Archive for June, 2010


Configuring Xcode to use Subversion


Whether you are a new Apple developer or an experienced Cocoa engineer with roots in NeXTStep, you will understand the need to back up your hard work. Integrating Xcode with subversion not only allows you to back up your code, but it also enables you to keep a history of changes that you can revert back to or compare your code against. This is called version control. This article assumes that you already have your own subversion repository that you have read and write access to. If you want to setup a subversion server of your own, I suggest consulting the almighty google for a wide range of articles on how to accomplish this task. Read on for screenshots, details and lots of fun.

Step 1) Tell Xcode about your repository.

Xcode has the ability to communicate with subversion using native svn communication, ssh+svn, http and https. The most popular of the various methods is https which allows you to save your data over an encrypted channel. Because after all, it is important that your trade secrets are never exposed to your competitor! To add a subversion repository, navigate to the “SCM” menu and select the “Configure SCM Repositories…” option. Fill in the relevant information which should be readily available to you, if it’s not, contact the person who administrates your SVN repository for more details.
Connecting to the Repository Using svnserve

Step 2) Let’s put your code on the Subversion server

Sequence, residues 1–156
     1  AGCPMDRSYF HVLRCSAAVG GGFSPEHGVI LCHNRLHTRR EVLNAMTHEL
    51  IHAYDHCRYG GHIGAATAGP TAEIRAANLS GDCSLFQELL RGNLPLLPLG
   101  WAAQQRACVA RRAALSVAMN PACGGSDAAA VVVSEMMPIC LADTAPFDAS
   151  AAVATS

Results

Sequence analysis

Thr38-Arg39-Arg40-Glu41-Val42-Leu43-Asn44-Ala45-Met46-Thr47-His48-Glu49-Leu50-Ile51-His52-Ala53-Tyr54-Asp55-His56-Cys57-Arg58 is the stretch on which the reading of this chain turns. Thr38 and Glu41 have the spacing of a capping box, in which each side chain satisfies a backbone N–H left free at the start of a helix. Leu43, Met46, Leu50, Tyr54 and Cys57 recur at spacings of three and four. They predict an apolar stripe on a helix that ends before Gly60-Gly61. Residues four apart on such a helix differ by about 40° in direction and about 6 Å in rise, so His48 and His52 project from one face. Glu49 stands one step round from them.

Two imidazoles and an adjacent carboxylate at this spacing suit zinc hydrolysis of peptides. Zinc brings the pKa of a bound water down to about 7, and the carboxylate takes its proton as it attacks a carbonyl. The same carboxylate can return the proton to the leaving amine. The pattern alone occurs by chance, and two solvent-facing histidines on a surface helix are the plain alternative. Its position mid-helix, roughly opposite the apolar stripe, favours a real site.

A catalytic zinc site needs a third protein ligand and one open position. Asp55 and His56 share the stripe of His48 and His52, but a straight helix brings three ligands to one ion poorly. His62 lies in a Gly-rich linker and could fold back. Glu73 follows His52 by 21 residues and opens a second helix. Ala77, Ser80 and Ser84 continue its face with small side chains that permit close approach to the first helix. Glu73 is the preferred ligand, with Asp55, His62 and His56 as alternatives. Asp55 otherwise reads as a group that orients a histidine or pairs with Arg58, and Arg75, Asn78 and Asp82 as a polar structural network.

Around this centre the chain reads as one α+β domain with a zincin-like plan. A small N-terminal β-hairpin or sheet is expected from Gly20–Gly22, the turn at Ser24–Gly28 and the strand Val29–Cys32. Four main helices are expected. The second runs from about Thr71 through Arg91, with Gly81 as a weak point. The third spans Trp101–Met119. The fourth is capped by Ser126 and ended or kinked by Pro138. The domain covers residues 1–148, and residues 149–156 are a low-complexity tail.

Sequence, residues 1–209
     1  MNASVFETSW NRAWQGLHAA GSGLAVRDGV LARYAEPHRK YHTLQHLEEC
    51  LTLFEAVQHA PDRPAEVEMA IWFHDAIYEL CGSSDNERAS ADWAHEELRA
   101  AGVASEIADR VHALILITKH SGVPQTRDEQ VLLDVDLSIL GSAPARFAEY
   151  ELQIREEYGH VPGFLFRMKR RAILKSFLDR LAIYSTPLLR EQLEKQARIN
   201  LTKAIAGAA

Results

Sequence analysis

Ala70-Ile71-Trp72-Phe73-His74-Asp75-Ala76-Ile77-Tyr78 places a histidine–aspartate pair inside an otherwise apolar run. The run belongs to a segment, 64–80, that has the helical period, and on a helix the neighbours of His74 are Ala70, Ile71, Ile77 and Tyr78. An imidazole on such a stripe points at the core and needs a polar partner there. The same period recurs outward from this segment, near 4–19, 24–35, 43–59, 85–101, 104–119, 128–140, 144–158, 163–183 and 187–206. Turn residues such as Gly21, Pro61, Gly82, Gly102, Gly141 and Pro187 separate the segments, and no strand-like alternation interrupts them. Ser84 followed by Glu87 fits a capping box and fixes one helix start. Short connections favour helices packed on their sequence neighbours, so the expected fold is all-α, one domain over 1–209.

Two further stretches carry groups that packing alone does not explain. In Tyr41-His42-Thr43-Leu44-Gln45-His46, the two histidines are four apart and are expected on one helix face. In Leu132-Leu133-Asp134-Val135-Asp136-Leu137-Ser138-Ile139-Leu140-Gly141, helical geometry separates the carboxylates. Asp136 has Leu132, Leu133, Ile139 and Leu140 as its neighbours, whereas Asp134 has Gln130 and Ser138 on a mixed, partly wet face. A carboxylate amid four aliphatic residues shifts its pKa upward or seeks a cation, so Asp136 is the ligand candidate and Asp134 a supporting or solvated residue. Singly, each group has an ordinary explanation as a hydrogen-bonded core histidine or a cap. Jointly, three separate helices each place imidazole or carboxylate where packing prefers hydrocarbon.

Go back to the SCM menu and select the “Repositories” menu item. From this screen you can now “import” your hard work into the repository. Click the “Import” button and navigate to your Xcode project’s directory. If you haven’t done so already, you might want to think about configuring your project to use a directory for builds that lives OUTSIDE of your Xcode project directory. If you configure your build paths (in your Project Settings) in this manner you will avoid checking in binary copies of your application, which is typically unnecessary as subversion is source control management (SCM) not binary control management. After you have settled on your build path situation, go ahead and select your entire Xcode project and import it. If the subversion server is “local” to your computer this process will be lighting fast. If not, wait a while for it to finish.
Importing a Project to the Repository

Step 3) Check-out your newly imported code from the repository

Now that you have stored your source code on the subversion server, the current local copy of your Xcode project can be moved off to the side, or even better, deleted. Don’t worry since you placed the files inside of the repository, we can quickly check them out so that your working copy will be attached to the repository. Navigate back to the SCM menu (noticing a trend here?) and select “Repositories”. From the repository browsing window select your Xcode project and click the “Checkout” button. Xcode will ask you for a place to save the project. Any location will do, just save it.Checking Out the Project

Step 4) Inform your Project that it is under SCM control

Time to tell Xcode that your project is being managed by SCM, or more specifically subversion. Pull your Project Settings and click the “Project Roots & SCM” button. It will bring up the window you see below where you want to select and then click the small black arrows until it reads your subversion repository. That it. Hit Ok and return to Xcode. Your project is now Subversion aware.tellxcodeitsmanaged

The Final Steps
The hard work has paid off. You can now right click the menu bar of the navigation sidebar and check the “SCM” entry. This will place an additional column in the sidebar which will have an “M” in it if a file is “newer” (meaning it needs to be committed) than what is in the Subversion repository. You can now right click a file and commit it to the repository. When you do that, Xcode will ask you to enter a comment that describes what changes were made to the file.